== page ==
Interpretation of results
Ketamine abuse is becoming more prevalent in society, yet there is a dearth of information regarding its health consequences. Evident in our data – or lack-there-of – is the fact that that the scientific community has yet to establish a proper means for identifying and reporting cases of KC.

 In patients with severe KC there a host of empiric therapies that have been tried -antimuscarinics and non-steroid anti-inflammatory drugs, cystoscopic hydrodistension, and intravesical instillation therapy with hyaluronic acid or heparin - but there is little data about their efficacy. 

Surgical reconstruction is indicated for those with end stage bladder disease characterized by refractory overactive bladder symptoms, bladder pain, low bladder capacity, and low bladder compliance. The goals of surgery are to restore normal bladder capacity, reduce bladder pain, prevent or treat ureteral obstruction, to regain normal micturition and improve quality of life.

Of course, it is best accomplished before the onset of hydronephrosis and vesicoureteral reflux, but, over half the patients in this cohort already had hydronephrosis or vesicoureteral reflux at the time of their reconstruction. This data is disconcerting because of the apparent rapid progression from the beginning of KA to end stage bladder; there was only one year difference between the duration of ketamine abuse and those patients who underwent surgery (4.4 years) and those that did not (3.4 years). This suggests that the time interval from the beginning of ketamine cystitis until end-stage bladder and ureteral involvement may be measured in months or a year, confounding the decision-making about the optimal time to consider lower urinary tract reconstruction. This is especially relevant in so far as low bladder capacity, low compliance, vesicoureteral reflux and hydronephrosis are not likely to resolved after cessation of ketamine abuse.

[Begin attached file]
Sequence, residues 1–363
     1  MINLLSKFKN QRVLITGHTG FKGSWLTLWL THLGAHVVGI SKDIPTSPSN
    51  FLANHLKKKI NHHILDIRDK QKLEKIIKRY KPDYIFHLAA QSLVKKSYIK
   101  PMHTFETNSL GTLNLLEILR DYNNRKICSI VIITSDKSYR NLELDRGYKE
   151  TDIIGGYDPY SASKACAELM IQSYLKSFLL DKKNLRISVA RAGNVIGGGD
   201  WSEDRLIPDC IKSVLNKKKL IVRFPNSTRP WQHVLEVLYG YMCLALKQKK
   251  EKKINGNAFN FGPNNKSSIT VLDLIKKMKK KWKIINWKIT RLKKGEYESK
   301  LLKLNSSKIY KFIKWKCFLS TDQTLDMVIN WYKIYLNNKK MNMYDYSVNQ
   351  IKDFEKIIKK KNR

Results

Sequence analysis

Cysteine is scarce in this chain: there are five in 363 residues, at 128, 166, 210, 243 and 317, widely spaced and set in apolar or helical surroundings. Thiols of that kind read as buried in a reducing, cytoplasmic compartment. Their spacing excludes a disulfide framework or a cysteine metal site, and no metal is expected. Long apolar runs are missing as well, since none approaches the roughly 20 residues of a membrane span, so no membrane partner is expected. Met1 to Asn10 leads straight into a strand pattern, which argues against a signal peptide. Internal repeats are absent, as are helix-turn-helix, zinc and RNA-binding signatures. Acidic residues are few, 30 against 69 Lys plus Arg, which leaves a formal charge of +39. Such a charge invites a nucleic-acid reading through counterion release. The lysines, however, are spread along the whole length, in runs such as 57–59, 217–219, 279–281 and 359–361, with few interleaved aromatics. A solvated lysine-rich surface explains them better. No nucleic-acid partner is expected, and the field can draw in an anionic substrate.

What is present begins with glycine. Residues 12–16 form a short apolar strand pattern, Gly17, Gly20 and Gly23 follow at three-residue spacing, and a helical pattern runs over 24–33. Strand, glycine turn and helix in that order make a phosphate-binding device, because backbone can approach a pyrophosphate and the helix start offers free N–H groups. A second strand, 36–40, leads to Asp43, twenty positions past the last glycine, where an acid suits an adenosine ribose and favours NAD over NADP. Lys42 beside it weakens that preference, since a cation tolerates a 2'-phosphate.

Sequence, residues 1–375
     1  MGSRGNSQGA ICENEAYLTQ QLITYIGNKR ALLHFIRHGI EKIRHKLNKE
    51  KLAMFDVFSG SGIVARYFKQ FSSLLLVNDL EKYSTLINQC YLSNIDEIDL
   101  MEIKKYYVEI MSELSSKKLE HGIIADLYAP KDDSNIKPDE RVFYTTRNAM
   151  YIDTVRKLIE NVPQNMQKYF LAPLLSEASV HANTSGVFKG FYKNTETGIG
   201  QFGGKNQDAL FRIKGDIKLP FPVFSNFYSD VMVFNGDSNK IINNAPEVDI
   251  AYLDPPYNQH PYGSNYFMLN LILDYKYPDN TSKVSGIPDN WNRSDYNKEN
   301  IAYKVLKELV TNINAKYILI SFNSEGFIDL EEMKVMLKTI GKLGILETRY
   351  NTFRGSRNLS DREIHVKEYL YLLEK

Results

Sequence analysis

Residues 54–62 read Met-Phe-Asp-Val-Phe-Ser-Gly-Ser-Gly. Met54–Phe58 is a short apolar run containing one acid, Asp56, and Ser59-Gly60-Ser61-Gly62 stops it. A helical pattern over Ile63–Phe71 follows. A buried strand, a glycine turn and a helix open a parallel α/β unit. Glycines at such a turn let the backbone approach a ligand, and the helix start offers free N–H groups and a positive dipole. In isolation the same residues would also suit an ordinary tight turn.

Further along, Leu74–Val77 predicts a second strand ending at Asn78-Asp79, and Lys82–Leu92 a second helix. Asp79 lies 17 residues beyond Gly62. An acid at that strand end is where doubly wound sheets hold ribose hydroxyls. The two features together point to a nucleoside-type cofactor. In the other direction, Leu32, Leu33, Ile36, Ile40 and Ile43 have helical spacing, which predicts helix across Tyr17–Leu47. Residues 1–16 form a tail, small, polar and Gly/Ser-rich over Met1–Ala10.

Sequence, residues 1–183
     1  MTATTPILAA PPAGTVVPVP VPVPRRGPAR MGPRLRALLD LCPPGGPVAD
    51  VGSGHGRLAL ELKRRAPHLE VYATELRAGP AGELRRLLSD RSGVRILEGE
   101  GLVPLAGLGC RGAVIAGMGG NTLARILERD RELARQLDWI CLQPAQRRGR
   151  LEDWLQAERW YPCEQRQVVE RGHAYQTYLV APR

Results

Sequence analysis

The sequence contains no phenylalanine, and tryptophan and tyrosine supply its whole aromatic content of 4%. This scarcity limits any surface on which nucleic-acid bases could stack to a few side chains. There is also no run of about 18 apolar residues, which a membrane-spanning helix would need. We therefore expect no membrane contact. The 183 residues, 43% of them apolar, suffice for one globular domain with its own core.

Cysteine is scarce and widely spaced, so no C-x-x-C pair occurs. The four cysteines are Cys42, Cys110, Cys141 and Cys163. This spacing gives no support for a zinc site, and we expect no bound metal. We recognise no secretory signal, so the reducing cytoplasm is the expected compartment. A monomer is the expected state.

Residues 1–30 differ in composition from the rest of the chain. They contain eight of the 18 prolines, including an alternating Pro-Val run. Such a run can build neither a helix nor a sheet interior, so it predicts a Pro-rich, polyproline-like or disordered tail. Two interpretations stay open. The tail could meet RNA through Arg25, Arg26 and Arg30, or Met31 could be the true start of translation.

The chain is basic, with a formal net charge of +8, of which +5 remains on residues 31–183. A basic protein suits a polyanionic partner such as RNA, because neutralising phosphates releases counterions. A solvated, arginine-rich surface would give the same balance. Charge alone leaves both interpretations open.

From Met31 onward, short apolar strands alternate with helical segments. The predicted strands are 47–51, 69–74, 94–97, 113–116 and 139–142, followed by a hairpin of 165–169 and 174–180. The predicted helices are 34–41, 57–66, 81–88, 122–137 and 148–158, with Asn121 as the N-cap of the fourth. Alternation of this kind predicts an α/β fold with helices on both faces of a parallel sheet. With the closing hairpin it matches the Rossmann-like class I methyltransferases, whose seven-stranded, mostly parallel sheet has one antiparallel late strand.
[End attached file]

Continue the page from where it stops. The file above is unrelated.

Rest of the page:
Concluding message
Ketamine cystitis is a rapidly progressive, devastating condition that can lead to end-stage bladder within a few years after its onset. Once refractory symptoms and low bladder capacity and compliance occur, the only effective treatment is major reconstructive surgery ranging from augmentation enterocystoplasty to cysto-prostatectomy and urinary diversion. 

Our literature search found only 140 patients who underwent reconstructive surgery for KC and the overall quality of the outcomes research was poor. Nevertheless, a few conclusions seem warranted. All of the current reconstructive procedures appear to improve LUTS, relieve bladder pain (provided that the patient abstains from ketamine) and protect the kidneys, at least in the short term, unless ureteral obstruction occurs as a complication of the surgery itself.
Figure 1 Patient demographics & Types of Surgery. N = the number of patients for whom data was available. SD= standard deviation.
Figure 2 Surgical Results. N = the number of patients for whom data was available. SD= standard deviation.
  1. McCambridge J, Winstock A, Hunt N, Mitcheson L. 5-Year trends in use of hallucinogens and other adjunct drugs among UK dance drug users. Eur Addict Res 2007;13:57–64.
  2. Hoare, Jacqueline. “Drug Misuse Declared: Findings from the 2008/09: British Crime Survey: England and Wales.” PsycEXTRA Dataset, 2009, doi:10.1037/e586982012-001.
  3. McCambridge J, Winstock A, Hunt N, Mitcheson L. 5-Year trends in use of hallucinogens and other adjunct drugs among UK dance drug users. Eur Addict Res 2007;13(1):57—64.
Funding Institute for Bladder and Prostate Research Clinical Trial No Subjects None